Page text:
In either the input or the output mode either of two character modes (ASCII or binary) may be used. Code type is selected by individual instructions and may be intermixed.
The supervisory console 20, as has been discussed, allows supervision of the over all data entry system by controlling the operation of the central processor unit which, together with the disk control unit 18, the I/O adaptor 22, and the Keystation multiplexer 12 form the System Control Center.
The KMUX is a message multiplexer located in the system Control Center (SCC), which serves as an interface between the CPU 14 and the keystations 10. Multiplexing is initiated when the KMUX receives an entire message from a key station. The KMUX then presents the message to the CPU, and the CPU response is handled on a message basis. Data input transmissions are initiated by the key station and data output transactions are initiated by the CPU. Input and output transactions are completely independent of one another, but do not occur simultaneously.
The central processor unit of the system of the preferred embodiment may be, for example, a Honeywell H-316 general purpose digital computer. The H-316 is a solid-state 16-bit binary word, general purpose computer with an internally-stored program. The machine has fully-parallel organization and multi-level indirect addressing capabilities.
The standard CPU I/O mode consists of transfers of single characters or 16-bit words to and from the A-register of the CPU. Input transfers are performed by INA instructions and output transfers by OTA instructions. Communication between CPU and other system units is accomplished by using a CPU I/O bus consisting of ten address lines.
As previously discussed, data is entered into the system through the keystation multiplexer by means of a plurality of keystations. Each keystation is connected to the keystation multiplexer by an individual, twisted-pair, input/output cable. Through this bidirectional cable, the keystation and the CPU exchange data, status and control signals. All transfer of input and output information is in serial bit stream format through the keystation multiplexer.
The keyboard area of the keystation contains both data and control keys. Control keys provide necessary control functions. If used as a switch, a control key operates in conjunction with indicators to display the switch setting. One control switch places the keyboard in control mode, allowing control functions to be actuated by means of the data key.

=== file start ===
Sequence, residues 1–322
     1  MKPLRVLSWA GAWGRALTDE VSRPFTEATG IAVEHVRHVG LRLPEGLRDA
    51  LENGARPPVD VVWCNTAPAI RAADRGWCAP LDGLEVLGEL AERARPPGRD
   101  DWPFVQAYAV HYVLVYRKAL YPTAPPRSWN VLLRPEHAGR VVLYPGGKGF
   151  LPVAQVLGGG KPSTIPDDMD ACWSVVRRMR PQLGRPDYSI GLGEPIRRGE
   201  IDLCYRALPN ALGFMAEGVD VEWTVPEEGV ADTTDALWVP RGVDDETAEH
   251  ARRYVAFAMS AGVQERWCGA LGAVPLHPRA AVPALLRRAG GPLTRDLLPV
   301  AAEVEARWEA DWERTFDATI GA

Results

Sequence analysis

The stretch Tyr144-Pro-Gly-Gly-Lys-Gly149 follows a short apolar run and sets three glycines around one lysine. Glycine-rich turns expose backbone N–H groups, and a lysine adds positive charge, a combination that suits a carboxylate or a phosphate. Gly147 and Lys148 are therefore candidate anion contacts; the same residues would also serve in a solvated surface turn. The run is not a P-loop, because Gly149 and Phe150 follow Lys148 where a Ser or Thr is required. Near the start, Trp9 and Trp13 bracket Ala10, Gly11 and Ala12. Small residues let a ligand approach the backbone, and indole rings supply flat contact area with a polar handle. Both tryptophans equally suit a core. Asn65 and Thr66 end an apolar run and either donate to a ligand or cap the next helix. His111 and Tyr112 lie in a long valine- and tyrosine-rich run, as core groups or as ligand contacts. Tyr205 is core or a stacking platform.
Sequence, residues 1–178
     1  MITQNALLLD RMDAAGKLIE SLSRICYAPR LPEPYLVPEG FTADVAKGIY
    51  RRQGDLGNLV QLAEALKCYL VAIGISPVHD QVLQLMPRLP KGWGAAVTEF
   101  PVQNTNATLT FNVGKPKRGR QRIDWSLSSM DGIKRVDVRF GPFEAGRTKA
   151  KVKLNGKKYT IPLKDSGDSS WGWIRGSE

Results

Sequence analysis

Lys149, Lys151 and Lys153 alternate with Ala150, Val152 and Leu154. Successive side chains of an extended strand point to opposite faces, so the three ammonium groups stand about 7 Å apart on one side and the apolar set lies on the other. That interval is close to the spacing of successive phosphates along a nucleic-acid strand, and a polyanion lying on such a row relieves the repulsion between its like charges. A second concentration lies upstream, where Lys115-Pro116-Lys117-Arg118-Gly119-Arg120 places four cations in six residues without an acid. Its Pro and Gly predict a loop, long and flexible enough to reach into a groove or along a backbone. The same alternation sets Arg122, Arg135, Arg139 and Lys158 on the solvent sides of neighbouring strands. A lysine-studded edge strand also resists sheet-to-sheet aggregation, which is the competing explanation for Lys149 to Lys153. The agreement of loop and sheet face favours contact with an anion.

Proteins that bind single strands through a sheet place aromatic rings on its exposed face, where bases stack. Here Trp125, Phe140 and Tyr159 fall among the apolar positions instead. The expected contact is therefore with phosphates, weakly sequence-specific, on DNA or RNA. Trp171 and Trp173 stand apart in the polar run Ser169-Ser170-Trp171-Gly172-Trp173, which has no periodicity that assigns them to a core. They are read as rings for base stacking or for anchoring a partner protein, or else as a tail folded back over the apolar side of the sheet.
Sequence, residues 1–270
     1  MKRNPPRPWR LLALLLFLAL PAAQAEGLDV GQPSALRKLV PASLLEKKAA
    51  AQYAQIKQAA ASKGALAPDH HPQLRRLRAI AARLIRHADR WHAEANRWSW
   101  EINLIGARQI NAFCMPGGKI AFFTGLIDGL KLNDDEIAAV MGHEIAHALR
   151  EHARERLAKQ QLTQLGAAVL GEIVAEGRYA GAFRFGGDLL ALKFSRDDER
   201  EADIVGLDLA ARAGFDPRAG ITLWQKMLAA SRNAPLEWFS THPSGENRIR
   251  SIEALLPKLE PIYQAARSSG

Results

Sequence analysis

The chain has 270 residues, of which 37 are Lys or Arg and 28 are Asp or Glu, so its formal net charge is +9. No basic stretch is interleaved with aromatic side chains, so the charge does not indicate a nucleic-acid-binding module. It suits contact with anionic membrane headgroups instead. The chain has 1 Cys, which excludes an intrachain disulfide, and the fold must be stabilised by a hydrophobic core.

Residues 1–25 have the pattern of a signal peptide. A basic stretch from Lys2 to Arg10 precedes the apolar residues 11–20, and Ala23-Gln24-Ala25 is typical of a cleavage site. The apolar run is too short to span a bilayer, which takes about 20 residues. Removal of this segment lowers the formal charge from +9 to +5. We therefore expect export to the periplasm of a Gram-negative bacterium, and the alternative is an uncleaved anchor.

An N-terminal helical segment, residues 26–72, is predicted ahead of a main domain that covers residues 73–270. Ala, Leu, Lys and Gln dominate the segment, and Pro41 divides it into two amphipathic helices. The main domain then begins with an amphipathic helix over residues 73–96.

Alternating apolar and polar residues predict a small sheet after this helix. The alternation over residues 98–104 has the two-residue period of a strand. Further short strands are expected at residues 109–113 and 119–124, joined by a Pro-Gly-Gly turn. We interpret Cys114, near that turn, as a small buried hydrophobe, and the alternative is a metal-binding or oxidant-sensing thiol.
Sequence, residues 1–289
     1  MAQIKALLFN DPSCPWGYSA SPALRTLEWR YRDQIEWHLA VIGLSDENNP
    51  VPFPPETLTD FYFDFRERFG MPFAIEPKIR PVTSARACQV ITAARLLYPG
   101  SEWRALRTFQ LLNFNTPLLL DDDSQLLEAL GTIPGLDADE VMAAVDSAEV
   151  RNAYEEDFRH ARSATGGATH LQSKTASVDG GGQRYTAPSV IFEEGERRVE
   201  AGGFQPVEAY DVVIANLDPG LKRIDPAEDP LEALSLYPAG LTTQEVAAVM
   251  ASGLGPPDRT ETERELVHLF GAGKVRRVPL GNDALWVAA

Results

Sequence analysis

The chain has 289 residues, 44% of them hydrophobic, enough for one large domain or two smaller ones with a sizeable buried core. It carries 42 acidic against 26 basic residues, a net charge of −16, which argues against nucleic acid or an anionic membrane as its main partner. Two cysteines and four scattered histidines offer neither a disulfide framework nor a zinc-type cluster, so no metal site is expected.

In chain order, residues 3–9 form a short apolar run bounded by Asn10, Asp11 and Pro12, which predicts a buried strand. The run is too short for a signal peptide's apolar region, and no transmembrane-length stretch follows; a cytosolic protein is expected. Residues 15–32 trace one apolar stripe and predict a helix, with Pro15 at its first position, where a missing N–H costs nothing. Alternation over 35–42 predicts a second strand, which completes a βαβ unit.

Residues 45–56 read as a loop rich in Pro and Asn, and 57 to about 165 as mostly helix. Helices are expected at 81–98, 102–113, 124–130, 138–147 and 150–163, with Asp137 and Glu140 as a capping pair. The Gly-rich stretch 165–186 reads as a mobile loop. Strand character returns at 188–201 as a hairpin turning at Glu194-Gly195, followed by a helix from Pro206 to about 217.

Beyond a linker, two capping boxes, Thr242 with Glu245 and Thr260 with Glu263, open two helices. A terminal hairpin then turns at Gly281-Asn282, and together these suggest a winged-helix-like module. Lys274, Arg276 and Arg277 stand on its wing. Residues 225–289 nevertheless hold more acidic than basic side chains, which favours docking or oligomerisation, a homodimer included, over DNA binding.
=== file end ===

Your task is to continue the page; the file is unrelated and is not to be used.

The display areas of the keystation are controlled by the CPU and the operating system software programs. Information derived from the keyboard data and control keys is processed by the CPU and operating system software before being returned to the keystation display indicators.
Information is entered into the data entry system on a unit record basis. Records are accumulated sequentially until a batch is completed. Each record is prepared under the control of a previously defined format control which allows field definition and editing. Each batch may be verified in a similar manner.
A character of data is entered in the system by striking a key on the keyboard. This key stroke is encoded into an 8-bit byte and stored in a keystation register. The stored bytes are then multiplexed into the CPU which accumulates a group of bytes in memory for each keystation. Periodically, these groups are transferred to the disk storage unit, where the data for each batch is accumulated.
The movement of data from mass storage is controlled from the supervisor's console, as previously discussed, at the system control center. When a batch has been prepared and, (optionally) verified from one or more keystations, the supervisor can initiate a transfer of that batch from mass storage. The data is placed into a unit record format that is compatible with the system that will eventually process the data, and is placed on a medium (in this case magnetic tape) for transmission to that system, under control of the CPU.
It should be emphasized that the unit record format which ultimately recorded on the magnetic tape storage medium is not necessarily the same unit record format under which the data was keyed into the system from the keyboard. Software control of data allows extensive reformatting of data in units as small as field-length data units. A field may be defined as an assigned area in a record to be marked with information. A field is a group of one or more characters. Thus, the information keyed into the keystation is processed in two passes: first, the data is processed under control of a selected input format which may, for convenience correspond to the format arrangement of the source document from which the information is read by the operator. Second, after unit records of information are on the intermediate storage in the form of batches, selected fields of the data from each record of the batch may be combined in any number of supervisor selected formats under software control.